Tributes from across the world have poured in following the deadly terror attack in London that killed an American tourist, police constable and a beloved mother of two.
Among them, British native James Corden issued a touching statement on "The Late Late Show."
He opened his show Wednesday with a message to London, where a man identified by authorities as 52-year-old Khalid Masood drove an SUV into Westminster Bridge near the Houses of Parliament.
“There was a terror attack today in my hometown … People have lost their lives and many, many more have been injured,” Corden began. "I know a lot of people in Britain watch this show, as there's a lot of people from Britain who work on this show, and of course, our thoughts go out to everyone who's been affected by this."
“Watching the news today, I felt a really long, long way from home,” he said, swallowing hard.
Corden was born in Greater London and grew up in Buckinghamshire, which borders the city.
Though he moved to California for his critically acclaimed late night talk show, Corden often returns home for both work and time spent with his loved ones.
It’s also where he and Adele drove around as they belted out the super star’s hits during a “Carpool Karaoke” segment that went on to become 2016’s most-watched YouTube video.
“It's funny when something like that happens in your hometown, you don't have a feeling of being glad that you're so far away. What you feel is that you wish you could be there with loved ones to stand alongside them,” Corden continued.
"London is a diverse and proud and brilliant city, and one thing is for sure: if this act of terrorism was supposed to divide the people of London, I know for a fact that all something like this does is bring them closer together as one,” he said. "Tonight we send our heartfelt thoughts to everybody in Britain. Stay safe everybody, please."
Corden’s heartfelt speech was one of many gestures made in honor of those lost on Wednesday.
On social media, hashtags #PrayForLondon and #WeAreNotAfraid quickly gained traction after the attack, as did images carrying sentiments of strength and love.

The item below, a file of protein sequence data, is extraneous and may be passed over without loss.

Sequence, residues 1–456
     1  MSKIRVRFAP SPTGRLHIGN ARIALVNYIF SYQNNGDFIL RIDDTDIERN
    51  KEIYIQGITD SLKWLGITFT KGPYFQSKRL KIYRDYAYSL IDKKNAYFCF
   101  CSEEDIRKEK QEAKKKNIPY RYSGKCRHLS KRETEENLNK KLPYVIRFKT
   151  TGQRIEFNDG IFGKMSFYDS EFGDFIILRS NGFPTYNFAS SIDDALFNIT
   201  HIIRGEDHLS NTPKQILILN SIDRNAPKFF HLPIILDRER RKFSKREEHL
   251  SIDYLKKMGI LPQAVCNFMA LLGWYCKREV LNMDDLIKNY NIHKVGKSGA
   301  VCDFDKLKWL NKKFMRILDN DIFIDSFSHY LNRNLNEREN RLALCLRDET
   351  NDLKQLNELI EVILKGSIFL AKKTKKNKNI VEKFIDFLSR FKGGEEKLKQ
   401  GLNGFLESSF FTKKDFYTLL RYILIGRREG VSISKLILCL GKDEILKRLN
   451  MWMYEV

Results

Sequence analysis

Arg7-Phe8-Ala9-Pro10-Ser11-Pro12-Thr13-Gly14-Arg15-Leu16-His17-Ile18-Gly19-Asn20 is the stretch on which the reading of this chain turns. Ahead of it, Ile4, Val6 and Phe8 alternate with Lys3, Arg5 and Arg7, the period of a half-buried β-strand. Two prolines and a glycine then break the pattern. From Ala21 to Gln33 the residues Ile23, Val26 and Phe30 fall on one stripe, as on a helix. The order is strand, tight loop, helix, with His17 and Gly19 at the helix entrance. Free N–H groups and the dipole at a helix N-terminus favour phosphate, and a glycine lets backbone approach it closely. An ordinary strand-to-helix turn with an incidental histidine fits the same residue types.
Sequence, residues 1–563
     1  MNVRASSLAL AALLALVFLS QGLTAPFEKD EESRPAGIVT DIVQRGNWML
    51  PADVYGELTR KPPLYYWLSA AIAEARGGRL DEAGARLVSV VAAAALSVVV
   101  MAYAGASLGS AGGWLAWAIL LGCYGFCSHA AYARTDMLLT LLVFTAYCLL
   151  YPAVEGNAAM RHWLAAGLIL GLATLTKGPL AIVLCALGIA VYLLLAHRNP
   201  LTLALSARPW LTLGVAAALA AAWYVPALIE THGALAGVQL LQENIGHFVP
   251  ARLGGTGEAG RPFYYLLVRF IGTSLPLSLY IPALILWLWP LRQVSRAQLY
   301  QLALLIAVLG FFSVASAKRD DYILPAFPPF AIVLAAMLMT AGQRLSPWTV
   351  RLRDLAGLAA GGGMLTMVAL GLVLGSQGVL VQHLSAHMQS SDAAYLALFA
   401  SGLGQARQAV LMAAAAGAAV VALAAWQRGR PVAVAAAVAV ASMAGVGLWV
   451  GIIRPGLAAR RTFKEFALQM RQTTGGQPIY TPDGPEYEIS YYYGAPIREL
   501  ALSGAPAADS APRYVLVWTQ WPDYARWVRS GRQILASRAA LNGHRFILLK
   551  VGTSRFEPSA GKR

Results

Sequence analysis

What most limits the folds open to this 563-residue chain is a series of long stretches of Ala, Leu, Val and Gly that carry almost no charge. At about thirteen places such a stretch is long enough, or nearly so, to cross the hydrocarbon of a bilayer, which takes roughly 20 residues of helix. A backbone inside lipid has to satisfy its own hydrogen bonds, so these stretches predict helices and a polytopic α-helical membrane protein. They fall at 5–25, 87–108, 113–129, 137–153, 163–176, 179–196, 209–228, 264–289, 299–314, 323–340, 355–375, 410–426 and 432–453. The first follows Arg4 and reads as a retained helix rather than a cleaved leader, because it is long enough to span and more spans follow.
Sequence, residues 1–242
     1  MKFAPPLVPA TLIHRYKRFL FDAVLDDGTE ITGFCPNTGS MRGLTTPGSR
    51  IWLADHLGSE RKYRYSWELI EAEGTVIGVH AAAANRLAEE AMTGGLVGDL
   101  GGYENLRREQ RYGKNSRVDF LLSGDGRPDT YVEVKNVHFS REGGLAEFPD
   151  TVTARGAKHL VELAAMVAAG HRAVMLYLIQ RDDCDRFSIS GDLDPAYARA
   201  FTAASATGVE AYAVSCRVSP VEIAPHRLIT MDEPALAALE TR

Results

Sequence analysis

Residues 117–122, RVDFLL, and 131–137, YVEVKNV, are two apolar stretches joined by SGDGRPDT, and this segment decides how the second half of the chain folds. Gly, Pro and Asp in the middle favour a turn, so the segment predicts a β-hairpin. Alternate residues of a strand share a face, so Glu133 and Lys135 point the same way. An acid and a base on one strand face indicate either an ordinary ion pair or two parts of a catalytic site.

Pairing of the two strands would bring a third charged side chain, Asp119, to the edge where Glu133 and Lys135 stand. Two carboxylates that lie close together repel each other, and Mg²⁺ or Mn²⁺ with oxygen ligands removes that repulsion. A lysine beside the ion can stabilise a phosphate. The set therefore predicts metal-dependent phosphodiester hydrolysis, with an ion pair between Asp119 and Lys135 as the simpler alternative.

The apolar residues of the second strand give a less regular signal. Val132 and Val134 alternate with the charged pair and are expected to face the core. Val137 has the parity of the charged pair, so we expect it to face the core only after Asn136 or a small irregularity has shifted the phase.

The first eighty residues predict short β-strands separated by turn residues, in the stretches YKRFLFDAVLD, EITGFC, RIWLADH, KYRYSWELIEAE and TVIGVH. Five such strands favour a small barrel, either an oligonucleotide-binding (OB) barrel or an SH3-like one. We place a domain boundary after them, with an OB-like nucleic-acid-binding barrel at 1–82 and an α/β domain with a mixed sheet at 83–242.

In Paris, the Eiffel Tower went dark at midnight in solidarity with the citizens of Britain.
The landmark, which usually sparkles until 1 a.m., was turned off to honor the victims of the attack, Paris Mayor Anne Hidalgo wrote in French on Twitter, adding #NousSommesUnis, which translates to “We Are United.”
German Chancellor Angela Merkel said her thoughts were "with our British friends and all of the people of London.” In December, a lorry attack that ISIL took credit for claimed 12 lives in Germany.
President Donald Trump spoke by phone to British Prime Minister Theresa May after the attack, pledging the "full co-operation and support" of the US government in bringing those responsible for the attack to justice, the White House said in a statement.
Belgium’s Prime Minister Charles Michel also said his country stands with the UK, writing on Twitter: "Our condolences are with those who mourn and all who are affected in London. Belgium stands with UK in fight against terror."
European Commission President Jean-Claude Juncker said in a statement that the sympathy can only be sent “back twofold,” as Wednesday marked the one-year anniversary of the attacks in Brussels and Belgium, during which time they “felt the support of your sympathy and solidarity.”
“My thoughts are with London tonight, with the families of the victims, with the commuters travelling home, with the people across the country and the world trying to get in touch with their loved ones, with the emergency services working courageously tonight, as every other night,” he said.
“The United Kingdom will always remain a partner and a friend and one we will continue to work hand in hand with in the fight against terror," Juncker continued. "Together, Europeans will never cease to prove that love will always triumph over hate and that tolerance will always triumph over fear.”